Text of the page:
[0012] In the case of color image display, a combination of red, blue and green sub-pixels form one pixel. Herein, a sub-pixel in the case of color image display is also referred to as “pixel.” Or a pixel in the case of single color display and a sub-pixel in the case of color display are generally referred to as “dot” in some cases.

[0013]FIG. 13 is a timing chart showing a drive method of a conventional image display apparatus.

[0014] One (selected row electrode) of the row electrodes 310, such as, for example, the electrode 310-1 is supplied with a pulse (scanning pulse) of a negative polarity having an amplitude (VK) from corresponding one 41-1 of row electrode drive circuits 41. At the same time, from some of column electrode drive circuits 42, such as, for example, 42-2 and 42-3, a positive polarity pulse (data pulse) having an amplitude Vdata is applied to corresponding column electrodes 311-2 and 311-3 (selected column electrodes).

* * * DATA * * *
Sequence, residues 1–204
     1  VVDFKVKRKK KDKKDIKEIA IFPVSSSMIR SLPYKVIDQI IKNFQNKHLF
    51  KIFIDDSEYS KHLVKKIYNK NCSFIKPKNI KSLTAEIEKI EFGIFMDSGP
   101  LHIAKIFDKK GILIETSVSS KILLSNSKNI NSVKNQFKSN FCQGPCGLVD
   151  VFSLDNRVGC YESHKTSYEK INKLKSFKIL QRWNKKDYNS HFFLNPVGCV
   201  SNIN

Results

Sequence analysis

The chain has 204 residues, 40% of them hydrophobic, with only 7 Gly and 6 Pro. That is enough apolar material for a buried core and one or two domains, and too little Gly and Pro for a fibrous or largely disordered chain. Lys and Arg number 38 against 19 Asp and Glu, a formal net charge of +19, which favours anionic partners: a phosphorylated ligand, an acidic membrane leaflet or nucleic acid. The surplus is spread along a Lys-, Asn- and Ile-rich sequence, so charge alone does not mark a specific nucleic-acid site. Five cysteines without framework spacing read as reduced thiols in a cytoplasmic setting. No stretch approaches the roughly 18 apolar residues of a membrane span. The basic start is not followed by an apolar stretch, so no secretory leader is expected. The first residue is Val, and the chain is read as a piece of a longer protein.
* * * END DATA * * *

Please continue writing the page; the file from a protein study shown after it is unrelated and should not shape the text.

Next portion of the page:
[0015] Luminance modulation elements 301 supplied with both the scanning pulse and the data pulse, here, 301-12 and 301-13 are supplied with a voltage large enough to become luminous. As a result, the elements 301-12 and 301-13 become luminous.

[0016] Luminance modulation elements which are not supplied with the positive polarity pulse of the amplitude Vdata are not supplied with a sufficient voltage, and consequently the luminance modulation elements do not become luminous.

[0017] A selected row electrode 310, i.e., a row electrode 310 supplied with the scanning pulse is selected one after another, and a data pulse applied to the column electrodes 311 in association with the row is also changed.

[0018] By thus scanning all rows in one field interval, an image corresponding to an arbitrary image can be displayed.